New Front Brakes

It’s been too long since my last update.  I think I have sensationalized being “first” to do things in a new chassis.  The reality is being first is frustrating.  Being first shockingly means no one has done it before. I know it’s obvious when I say it like that, but it wasn’t so obvious when I was thinking about how cool it is to be “first”.  It also means there are very few companies out there that can actually help you accomplish what ever it is you are trying to accomplish “first”.  I haven’t posted much as unless you are doing something completely custom, there isn’t a ton available for these cars that I think is of a high quality that improves the overall performance package.

In my last post, I put up a baseline dyno.  I’ve since added a Berk midpipe, but for a myriad of reasons, I haven’t gotten the updated dyno, but I will.  This update will focuses on what you should be working on before you add power anyway – brakes.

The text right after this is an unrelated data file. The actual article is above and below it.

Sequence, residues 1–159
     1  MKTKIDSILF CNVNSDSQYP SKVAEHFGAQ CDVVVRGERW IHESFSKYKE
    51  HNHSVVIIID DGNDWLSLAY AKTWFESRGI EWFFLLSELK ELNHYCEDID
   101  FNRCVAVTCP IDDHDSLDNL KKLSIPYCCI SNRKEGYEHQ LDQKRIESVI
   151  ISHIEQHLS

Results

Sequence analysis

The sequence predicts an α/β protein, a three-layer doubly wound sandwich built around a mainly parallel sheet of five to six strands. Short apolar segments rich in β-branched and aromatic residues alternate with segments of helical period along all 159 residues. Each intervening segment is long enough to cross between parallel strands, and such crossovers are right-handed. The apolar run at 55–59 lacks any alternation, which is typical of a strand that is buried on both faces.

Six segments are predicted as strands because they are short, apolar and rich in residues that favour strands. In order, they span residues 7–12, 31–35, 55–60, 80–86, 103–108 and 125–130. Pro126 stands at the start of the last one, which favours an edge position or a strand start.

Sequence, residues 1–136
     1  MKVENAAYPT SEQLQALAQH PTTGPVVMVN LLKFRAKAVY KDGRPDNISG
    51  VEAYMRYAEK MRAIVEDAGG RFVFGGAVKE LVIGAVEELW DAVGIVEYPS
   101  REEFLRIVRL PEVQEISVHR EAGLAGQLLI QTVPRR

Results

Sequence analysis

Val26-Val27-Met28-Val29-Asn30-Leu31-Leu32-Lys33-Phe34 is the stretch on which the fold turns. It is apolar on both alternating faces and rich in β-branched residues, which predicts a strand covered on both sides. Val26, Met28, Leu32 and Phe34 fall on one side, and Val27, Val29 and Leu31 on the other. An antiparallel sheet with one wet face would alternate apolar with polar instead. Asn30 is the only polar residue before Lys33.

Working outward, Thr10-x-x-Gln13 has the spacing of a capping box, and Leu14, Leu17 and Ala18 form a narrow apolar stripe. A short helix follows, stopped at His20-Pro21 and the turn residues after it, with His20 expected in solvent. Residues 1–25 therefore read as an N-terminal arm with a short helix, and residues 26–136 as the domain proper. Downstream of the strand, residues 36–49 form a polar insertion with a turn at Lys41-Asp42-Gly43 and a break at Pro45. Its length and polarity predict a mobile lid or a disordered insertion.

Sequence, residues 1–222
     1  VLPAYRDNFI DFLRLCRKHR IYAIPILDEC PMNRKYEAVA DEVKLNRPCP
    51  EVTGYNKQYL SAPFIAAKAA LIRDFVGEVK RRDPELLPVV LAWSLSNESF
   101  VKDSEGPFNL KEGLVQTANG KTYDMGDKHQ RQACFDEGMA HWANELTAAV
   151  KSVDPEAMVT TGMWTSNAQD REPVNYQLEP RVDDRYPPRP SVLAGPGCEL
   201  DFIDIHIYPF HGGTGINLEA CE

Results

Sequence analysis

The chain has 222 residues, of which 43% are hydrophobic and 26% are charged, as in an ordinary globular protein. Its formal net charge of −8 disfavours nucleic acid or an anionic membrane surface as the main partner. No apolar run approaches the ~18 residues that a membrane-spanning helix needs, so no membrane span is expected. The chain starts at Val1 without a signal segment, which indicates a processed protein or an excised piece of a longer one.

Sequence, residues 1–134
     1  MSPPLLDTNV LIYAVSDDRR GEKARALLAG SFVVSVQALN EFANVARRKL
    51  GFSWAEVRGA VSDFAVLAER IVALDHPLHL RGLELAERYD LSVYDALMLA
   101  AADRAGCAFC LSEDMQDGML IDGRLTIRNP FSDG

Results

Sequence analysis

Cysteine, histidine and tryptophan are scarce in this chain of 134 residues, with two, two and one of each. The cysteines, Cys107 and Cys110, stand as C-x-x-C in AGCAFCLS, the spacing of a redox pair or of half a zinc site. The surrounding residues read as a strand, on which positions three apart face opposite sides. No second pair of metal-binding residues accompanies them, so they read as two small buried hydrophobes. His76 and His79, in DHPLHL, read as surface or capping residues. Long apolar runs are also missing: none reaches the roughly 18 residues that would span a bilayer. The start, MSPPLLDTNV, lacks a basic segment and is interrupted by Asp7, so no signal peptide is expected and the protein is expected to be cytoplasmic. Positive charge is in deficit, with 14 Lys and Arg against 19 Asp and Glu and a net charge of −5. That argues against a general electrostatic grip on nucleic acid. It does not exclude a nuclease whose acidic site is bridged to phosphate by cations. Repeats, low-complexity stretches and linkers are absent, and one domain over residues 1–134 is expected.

What was hidden under all the packing peanuts: Rotors, 2 sets of pads, calipers, brake lines, and brackets.

Essex Parts is in NASCAR country.  Based in North Carolina, they supply equipment to pro teams and grassroots ones alike.  They have developed 2 front axle brake systems for the FT86 of varying sizes leveraging the AP Racing parts bin.

rotor size is almost identical

Their Endurance kit is a significantly larger J hook rotor that requires a 18” wheel.  While the mammoth rotor looks cool, I have yet to see a FR-S in development that needs this much heat dissipation. The smaller of the two kits is the Sprint system.  Its rotor is only 11.75” in diameter – only a hair bigger than stock.

The difference in vane size and rotor width is obvious. Bigger vanes of this design with pump more cool air through the brakes at speed.